FJO: Considering how important electronic music has been in your output, I’ve always been perplexed that you took a hiatus from working with electronics for over a decade soon after you starting achieving your greatest acclaim for it. You had even won the Pulitzer for one of the Synchronisms. Why did you stop?
MD: I worked full time in electronic music and nothing else for five or six years, until the late 1960s. [After] four or five years, I really had an understanding of what it was. I understood that that was a fantastic way of diversifying, but that it was not the Messiah. In the beginning I thought, well, that’s it. And then I started to really understand more of what the space of electronic music was. And as technology was developing, I somehow became less interested. It’s funny because I enjoyed greatly the challenge of not having any technology and living on my wits. I always use the image of somebody giving you a knife and a can of water and dropping you in the desert and saying, “Pick you up next week; good luck.” I like that challenge where you work in a situation where there is very little history or very little tradition. Electronic music in the beginning was pushed by composers.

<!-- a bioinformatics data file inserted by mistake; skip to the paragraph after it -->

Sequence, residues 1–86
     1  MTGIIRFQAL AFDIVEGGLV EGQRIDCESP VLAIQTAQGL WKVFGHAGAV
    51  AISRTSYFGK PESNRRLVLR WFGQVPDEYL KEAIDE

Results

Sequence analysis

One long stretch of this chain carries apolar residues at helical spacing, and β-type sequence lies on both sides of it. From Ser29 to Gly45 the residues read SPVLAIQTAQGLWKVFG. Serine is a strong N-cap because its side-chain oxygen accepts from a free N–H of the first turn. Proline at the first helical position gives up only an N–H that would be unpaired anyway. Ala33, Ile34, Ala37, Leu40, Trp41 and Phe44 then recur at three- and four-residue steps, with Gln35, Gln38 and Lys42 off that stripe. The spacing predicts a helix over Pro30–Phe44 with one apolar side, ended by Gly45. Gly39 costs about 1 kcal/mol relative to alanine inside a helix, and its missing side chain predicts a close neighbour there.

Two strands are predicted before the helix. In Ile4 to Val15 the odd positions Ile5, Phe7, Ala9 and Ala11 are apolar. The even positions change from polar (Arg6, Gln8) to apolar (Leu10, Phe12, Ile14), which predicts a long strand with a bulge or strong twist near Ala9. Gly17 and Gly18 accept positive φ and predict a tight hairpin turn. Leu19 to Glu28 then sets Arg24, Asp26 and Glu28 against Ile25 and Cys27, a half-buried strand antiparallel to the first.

Once the technology was developed by Robert Moog and others making early synthesizers, it started to be pushed by profit-oriented organizations. It became something that money could be made from. The synthesizer got into the rock scene. And as technology became as fantastically good as today it is, somehow technology almost took over the operation. Somehow a lot of the people in the field were fascinated by developing software, which in a way is almost like a form of composition, but not quite.
What I was really interested in is what electronic music taught me about music, not what electronic music taught me about electronic music. The impact of the experience was much wider than just in the studio. So I almost got a little bored. Before I went into electronic music, I was really a composer with lots of orchestral and chamber music, and I wanted to go back to it and apply everything I learned in those five or six years. Forty years later, I’m still finding innumerable ideas that stem from what I learned in the studio.